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Hello everyone,
The autumn was rich with world-class events and so I had a large choice of interesting and theoretically important games. In this update I decided to cover a wide variety of openings.

Download PGN of November '15 1 e4 e5 games

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Spanish. The Marshall with 10.d3 [C89]

The game Karjakin, S - Svidler, P World Cup Final, Baku 2015, saw a pretty rare line of the Marshall with 14...Re8.

In the critical diagram position given above after 17...Bg6 White committed a decisive mistake, 18.Bc2??, which wasn't exploited by Black. Instead, both 18.g3 and 18.h3 are worth practical tests, but the line with 14...Re8 deserves attention.

Spanish. The Berlin Wall with 9...Ke8 [C67]

In Grischuk, A - Caruana, F 31st ECC open 2015, White decided to surprise his opponent with the rare 11.Ne2, which was recently played by Adams. Grischuk deviated from that game with 12.Bg5 and after 12...Bb7 we reach the diagram position:

Here White introduced 13.Rad1 instead of the 13.Nf4 played in Volokitin, A - Hovhannisyan, R/Plovdiv 2012, where Black comfortably equalised. Later on 16...Rh6 was inaccurate and Fabiano came under pressure and eventually lost the game. A nice technical win from Grischuk, who proved that 11 Ne2 is an interesting choice. However, 13...c5 seems to retain equality.

Scotch Four Knights with 5...Bb4 and delayed ...d5 [C47]

An interesting line with 8...Re8 occurred in the game Karjakin, S - Aronian, S World Blitz Berlin 2015.

Here White introduced the logical novelty 11.Rb1, but the position remained roughly equal up to the point Karjakin started to weaken his position with 17.g3?! and 18.f4?!, Black took advantage of White's inaccuracies and won the game. The line chosen by Aronian is an interesting alternative to the main line and it promises equal chances. I expect to see more tests of this line at a high level and not only in blitz games.

Scotch with 4...Nf6 5.Nxc6 [C45]

Another game in the Scotch saw a very rare and pretty dubious line in Nepomniachtchi, I - Kramnik, V World rapid Berlin 2015.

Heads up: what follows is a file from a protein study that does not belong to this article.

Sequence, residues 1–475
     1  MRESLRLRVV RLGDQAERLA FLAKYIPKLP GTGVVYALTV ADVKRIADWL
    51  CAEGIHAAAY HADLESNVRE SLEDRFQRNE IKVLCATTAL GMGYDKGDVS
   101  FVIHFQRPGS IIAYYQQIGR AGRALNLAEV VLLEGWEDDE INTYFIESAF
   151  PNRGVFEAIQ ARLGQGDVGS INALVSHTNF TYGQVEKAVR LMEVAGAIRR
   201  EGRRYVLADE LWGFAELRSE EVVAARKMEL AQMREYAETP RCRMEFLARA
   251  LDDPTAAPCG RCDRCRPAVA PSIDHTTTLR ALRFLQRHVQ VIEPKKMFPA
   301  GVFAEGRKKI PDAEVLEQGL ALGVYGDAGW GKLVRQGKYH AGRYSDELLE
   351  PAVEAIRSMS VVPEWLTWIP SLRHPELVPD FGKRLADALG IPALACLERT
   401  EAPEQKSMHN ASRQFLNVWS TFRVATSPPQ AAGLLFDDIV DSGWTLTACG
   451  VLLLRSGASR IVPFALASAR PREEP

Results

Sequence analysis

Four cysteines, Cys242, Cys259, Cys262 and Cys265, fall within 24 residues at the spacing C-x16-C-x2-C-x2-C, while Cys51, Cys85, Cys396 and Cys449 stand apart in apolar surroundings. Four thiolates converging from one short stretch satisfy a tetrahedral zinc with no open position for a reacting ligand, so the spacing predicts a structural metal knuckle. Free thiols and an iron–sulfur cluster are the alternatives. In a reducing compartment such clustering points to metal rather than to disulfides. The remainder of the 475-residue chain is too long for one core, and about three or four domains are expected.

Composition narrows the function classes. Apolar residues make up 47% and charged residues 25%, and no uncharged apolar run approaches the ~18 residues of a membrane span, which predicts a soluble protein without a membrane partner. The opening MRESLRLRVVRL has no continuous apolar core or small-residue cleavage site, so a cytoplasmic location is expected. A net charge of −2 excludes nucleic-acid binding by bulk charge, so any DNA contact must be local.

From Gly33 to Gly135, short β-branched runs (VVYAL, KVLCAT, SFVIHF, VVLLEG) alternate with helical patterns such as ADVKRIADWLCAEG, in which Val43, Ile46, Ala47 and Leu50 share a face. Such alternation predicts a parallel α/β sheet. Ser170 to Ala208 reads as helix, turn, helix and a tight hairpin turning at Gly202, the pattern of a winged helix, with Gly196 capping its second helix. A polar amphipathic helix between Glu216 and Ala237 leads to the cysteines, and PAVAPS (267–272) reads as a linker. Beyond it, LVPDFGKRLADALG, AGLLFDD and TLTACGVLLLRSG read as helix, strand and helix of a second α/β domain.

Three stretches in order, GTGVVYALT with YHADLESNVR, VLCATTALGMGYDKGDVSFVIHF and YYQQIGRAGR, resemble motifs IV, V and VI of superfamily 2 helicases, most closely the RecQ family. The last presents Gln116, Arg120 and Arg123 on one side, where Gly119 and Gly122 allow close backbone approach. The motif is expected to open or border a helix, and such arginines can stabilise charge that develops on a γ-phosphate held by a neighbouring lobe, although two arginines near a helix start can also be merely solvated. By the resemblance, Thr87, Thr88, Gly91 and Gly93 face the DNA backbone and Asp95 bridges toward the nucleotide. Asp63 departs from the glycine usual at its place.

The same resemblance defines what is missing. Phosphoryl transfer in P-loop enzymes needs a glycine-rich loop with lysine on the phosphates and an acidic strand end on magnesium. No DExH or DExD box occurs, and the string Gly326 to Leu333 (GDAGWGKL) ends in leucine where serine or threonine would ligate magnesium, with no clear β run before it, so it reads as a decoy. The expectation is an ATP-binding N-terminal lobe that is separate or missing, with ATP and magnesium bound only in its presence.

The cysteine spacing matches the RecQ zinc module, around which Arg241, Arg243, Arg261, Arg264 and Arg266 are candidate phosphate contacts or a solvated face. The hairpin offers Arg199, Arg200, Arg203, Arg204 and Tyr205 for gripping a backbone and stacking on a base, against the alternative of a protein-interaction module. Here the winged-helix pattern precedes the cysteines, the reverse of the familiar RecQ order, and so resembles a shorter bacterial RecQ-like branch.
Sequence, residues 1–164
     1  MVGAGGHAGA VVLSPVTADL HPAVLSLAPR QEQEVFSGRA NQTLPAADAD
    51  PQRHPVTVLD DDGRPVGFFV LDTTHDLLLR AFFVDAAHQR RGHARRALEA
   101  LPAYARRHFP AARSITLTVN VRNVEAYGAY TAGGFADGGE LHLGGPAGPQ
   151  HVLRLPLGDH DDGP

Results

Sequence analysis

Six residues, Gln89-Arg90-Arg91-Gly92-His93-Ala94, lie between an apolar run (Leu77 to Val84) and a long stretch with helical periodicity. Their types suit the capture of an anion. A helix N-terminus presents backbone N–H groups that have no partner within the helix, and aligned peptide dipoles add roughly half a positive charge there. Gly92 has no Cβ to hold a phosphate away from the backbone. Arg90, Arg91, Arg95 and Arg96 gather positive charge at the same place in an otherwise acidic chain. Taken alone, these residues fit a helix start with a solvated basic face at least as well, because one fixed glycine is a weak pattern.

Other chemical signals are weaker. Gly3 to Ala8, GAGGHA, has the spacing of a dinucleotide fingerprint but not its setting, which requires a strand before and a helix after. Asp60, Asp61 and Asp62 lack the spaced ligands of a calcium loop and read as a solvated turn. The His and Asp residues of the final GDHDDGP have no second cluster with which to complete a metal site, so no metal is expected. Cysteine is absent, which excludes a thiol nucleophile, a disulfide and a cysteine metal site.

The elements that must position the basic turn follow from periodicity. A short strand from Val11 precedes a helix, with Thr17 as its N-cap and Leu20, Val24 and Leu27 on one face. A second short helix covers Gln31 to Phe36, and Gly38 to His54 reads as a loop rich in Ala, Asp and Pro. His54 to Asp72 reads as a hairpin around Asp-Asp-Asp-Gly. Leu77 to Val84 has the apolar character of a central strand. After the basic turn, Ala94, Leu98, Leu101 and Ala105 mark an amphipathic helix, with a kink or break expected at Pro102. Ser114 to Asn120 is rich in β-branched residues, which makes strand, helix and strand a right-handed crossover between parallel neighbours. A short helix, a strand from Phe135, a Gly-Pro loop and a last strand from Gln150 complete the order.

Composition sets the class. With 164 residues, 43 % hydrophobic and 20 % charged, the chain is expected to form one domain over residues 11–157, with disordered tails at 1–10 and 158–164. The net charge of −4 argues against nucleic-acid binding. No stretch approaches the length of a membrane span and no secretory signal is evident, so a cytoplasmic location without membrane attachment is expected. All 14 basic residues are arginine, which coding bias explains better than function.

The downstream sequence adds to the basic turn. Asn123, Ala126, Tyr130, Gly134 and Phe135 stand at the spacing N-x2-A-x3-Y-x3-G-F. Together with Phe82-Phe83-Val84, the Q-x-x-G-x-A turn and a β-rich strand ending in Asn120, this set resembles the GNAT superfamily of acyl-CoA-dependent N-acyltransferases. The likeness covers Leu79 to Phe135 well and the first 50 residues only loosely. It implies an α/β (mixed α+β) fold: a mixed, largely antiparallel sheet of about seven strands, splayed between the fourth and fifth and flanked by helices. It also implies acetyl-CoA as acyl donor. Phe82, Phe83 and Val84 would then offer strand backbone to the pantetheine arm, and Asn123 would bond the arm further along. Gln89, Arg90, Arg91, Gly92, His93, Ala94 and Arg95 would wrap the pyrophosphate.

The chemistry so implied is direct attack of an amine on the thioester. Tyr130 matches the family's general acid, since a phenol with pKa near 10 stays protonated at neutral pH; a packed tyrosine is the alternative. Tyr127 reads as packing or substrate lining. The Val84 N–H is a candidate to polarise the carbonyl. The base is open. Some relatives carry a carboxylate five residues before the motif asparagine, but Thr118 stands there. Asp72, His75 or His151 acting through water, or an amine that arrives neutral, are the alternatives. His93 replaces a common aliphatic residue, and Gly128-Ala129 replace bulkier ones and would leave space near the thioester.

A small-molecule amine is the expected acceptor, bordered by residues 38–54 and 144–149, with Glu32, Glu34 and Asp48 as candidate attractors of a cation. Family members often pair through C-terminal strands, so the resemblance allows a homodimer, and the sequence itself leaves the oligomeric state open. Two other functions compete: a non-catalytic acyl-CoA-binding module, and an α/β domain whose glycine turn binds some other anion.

In this well-known diagram position White played 6.Qe2 in order to surprise his opponent, but then surprised himself with 7.g3? Kramnik took advantage of White's slow play in the opening and obtained a clear edge after only 9 moves! However, later Kramnik started to play inaccurately and allowed White to escape with a draw. Nevertheless, 7.g3, as well as the entire line with 6.Qe2 is dubious and can't be recommended. Black has several good options to deal with it.

Italian. Giuoco Piano with 5.d3 [C54]

The game Ivanchuk, V - Kramnik, V 31st ECC open 2015, saw a slow fight between heavy-weights.

The players reached the diagram position after Black played the line with 7...Be6 and 9...h6, which Vladimir has employed at least a few times in the Berlin. After White's 15.Nh2, which has been seen in two games from the Russian GM Alekseev, Vladimir introduced the logical novelty 15...c6. Vassily managed to set him some small problems, but they were solvable if the ex-champ hadn't played 26...Re5?! and 30...a5?! However, Ivanchuk failed to exploit Black's inaccuracies and committed a couple of mistakes of his own (31.Nxd5?, 32.c4?), which eventually cost him the game. The line with 7...Be6 looks like a solid opening choice, though Black has to play precisely to retain equal chances, as the game proved.

Symmetric Four Knights with 6...Bxc3 [C49]

Clever opening play was seen in the game Andreikin, D - Carlsen, M World Blitz Berlin 2015. The world Champion avoided the popular 7.Ne2 line and eventually the players reached the following diagram position after 12.Bg5:

Here Carlsen introduced the logical novelty 12...Ng6, and after the inaccurate 14.a4?! he took the initiative and won the game in good style. A great game from the World Champion, and especially impressive taking into account that it was a blitz game. 13.a4 seems to be the only way to fight for the opening advantage.

Vienna Game with 4...Na5 [C28]

The game Rublevsky, S - Adams, M 31st ECC open 2015, featured Rublevsky's pet-line with 5.Qf3.

Here, after 8.h3, Adams introduced the strong novelty 8...d5, but White was up to the task and after the slightly inaccurate 15...Qe6 managed to set Black some problems. Micky kept his cool and waited for White's mistake, which came on the 38th move and then there was no way back. An interesting and strategically complicated game. White seemed to be in the driving seat for most of the game, but the only serious mistake 38.h4 turned out to be decisive. The opening line which occurred in the game looks equal, but more practical tests are necessary.

Petroff with 3.Nxe5 [C42]

In the game Kryvoruchko,Y-Wang Yue 31st ECC open 2015, White employed a rather rare idea in the following position after 7...Be7:

The Ukrainian GM played 8.Nc3, instead of the more common 8.c4 or 8.Re1. Wang Yue defended accurately, but eventually succumbed to the pressure when playing 28...Bf8?, and after exchanging inaccuracies White won the game. A nice positional squeeze from the Ukrainian player. The line which was tried by Kryvoruchko is interesting, but Black seems to keep equality by means of 17...Na5.


See you next month, Victor.

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